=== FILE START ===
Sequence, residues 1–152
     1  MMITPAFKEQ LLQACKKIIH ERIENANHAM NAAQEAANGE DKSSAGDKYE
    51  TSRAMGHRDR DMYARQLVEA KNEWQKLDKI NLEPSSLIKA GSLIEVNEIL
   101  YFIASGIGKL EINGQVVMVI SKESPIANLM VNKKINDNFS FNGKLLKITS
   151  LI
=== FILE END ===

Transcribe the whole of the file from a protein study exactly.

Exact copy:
Sequence, residues 1–152
     1  MMITPAFKEQ LLQACKKIIH ERIENANHAM NAAQEAANGE DKSSAGDKYE
    51  TSRAMGHRDR DMYARQLVEA KNEWQKLDKI NLEPSSLIKA GSLIEVNEIL
   101  YFIASGIGKL EINGQVVMVI SKESPIANLM VNKKINDNFS FNGKLLKITS
   151  LI